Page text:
For three days this week, I was with a group of new friend and old friends trying to imagine together how theology in the googley age might emerge.
At the end of the day, one if the most powerful aspects of the event was the experience of the settling in on the face to face banter with the real questions on the last session of the last day. Over the course of about 45 minutes to an hour, the whole group of thinkers, practitioners, and participants shared from the Soul where they saw theology after google intersecting with major themes in contemporary life.
I’m not sure if others had the same experience, but about half way through the e-commissioning, something happened. Maybe it was the coffee I drank wearing off, or the adrenaline from opening the session up, or maybe it was something of the divine and holy Spirit moving in our midst; whatever it was, something settled in and I can’t help but think quite a few of us experienced It.
And do you know when it settled in? When we did not know the answers to the questions that we did not know were coming. You could feel it. A question would be asked, “theology after google says what to a young single pregnant latino girl who enters your congregation?” Pause…The funny thing is, in every time where there was a pause, it almost seemed like those were the moments when real theology was being done. Not in the answers that eventually came, but in the process of coming to that attempt at a simple or noble articulation. And while the articulation itself wasn’t some final answer to the what is the/a theology after google, it did reflect precisely the kind of work that unforeseen questions do in the shaping of diverse theological reflection.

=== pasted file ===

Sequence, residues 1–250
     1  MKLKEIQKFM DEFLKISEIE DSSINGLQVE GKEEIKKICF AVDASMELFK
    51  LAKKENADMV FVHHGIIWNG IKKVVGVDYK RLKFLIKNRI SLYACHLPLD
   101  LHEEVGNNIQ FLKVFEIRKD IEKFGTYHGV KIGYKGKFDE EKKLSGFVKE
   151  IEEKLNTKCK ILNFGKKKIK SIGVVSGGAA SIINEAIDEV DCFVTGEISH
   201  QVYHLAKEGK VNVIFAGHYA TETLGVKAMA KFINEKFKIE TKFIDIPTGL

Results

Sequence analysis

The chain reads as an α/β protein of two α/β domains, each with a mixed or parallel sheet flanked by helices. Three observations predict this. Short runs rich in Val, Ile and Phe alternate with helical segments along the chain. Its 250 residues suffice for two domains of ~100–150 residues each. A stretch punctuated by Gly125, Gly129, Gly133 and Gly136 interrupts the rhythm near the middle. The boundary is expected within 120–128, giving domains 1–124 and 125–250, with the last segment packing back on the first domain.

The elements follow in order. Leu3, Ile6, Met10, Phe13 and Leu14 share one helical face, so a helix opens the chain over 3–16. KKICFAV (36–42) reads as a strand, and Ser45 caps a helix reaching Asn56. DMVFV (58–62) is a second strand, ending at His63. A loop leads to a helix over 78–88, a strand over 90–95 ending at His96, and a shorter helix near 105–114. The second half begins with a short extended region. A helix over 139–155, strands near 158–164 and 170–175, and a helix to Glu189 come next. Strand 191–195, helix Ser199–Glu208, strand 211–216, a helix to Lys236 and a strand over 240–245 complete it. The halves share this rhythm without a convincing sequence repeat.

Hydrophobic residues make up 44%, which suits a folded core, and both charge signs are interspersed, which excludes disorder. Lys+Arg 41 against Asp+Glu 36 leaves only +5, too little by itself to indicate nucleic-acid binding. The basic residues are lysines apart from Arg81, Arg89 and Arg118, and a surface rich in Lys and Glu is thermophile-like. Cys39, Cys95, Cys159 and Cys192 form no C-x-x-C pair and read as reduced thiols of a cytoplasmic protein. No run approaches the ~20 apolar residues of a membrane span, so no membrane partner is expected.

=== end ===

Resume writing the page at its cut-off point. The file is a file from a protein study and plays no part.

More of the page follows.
And maybe that is something that many of us have taken away from Theology After Google (Claremont 2010); namely, that theology is what happens in the spaces before there is anything certain to articulate. That ultimately, theologies after google need the relational exchange of ideas, emotions, and experiences that come with life, context, and conflict to rekindle the collective imaginations of all the faithful such that we hold loosely to what we know until we must engage in the communal testing of those harmonies.
And maybe, because we know that theology after google will be so relational, and inventive, and incarnational, and embodied, we know that theology after google cannot and will not be done simply in the isolated places of academy, denomination, or mind; rather, TAG will be done in the intersection of those places with the embodied and avatar alike. For although theology has long been seen as simply that which is done in the flesh, the above notion that theology is what happens in the pause, also makes space for the new exploration of a what a digital theology might be like. Or to put it another, “how is the good news story that theology after google tells to the impoverished urban community different (or the same) from the that which might be equally good news to a new avatar friend who walks into a bar, or church, or shopping center in Second life?” And what does this mean for how we might be the Church to all in our relational spheres of influence?
If it could ever be said that an event is a comma and not a period, theology after google is that comma.
In the air towards Salt Lake City Airport (2010)